And this I say to you now, my brethren in Christ. Thou Shalt Not Covet Thy Neighbours’ Goods; his land, his horse, his wife! Thou Shalt Not Bear False Witness, to achieve these foul ends. For they are the scourges of our Modern age, driven by lust, and jealousy, and greed, and all of the worst qualities of humanity that are most repugnant to Himself. And to indulge in these passions is the surest path to damnation.

As his reading drew to a close he felt the faint breath of a fellow human creature upon his neck. He spun around to confront his companion, with a feeling of both horror and relief. Here he was, caught in the act at long last! His trials, for better or for worse, must now be at an end. But there was to be no such relief for the cowardly young man. It was only the shadowy figure of Uncle Indefer who stood beside his shoulder; a serene, satisfied smile upon his face.

It was then that Cousin Henry knew that he could take no more. ‘Eternity be damned, I will not go mad!’ he cried out loud. ‘They might work the truth out of me as matters stand,’ thought he, a fever arising out of his pallid brow. ‘But they will never extract this great felony from me at the assizes, nor at any courthouse in the kingdom.’ He took up the papers and flung them with all his might into the fire.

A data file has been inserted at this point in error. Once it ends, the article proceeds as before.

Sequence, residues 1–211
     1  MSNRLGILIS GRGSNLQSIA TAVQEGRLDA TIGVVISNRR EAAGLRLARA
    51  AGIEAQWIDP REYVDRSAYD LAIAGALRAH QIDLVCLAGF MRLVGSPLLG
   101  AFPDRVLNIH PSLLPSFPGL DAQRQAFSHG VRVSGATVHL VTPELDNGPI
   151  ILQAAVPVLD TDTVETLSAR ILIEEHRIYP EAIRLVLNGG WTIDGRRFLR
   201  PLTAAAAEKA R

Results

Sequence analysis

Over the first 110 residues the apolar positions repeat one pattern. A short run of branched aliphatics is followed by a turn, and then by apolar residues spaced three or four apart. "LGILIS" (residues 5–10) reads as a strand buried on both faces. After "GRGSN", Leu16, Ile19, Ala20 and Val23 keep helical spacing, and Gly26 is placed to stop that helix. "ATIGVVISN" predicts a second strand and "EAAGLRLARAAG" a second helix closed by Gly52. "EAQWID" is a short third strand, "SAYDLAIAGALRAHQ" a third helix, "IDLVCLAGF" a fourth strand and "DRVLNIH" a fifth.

The flames did not take hold of the document. Rather it was his own arm that burned with a fire that did not belong to this world. This fire had no physical presence, but burned with one hundred-fold the intensity of earthly flames. The desperate chancer that was Henry Jones looked up at the fire in agony, cradling the wounded arm like an injured dog, as the will lay untouched upon the library floor. The plumes of smoke that arose from the fading coals were no longer innocent wisps; they danced and swirled until they formed the face of Uncle Indefer. The face lacked all the benevolence and sympathy that was associated with it in life, as it laughed amongst the flames.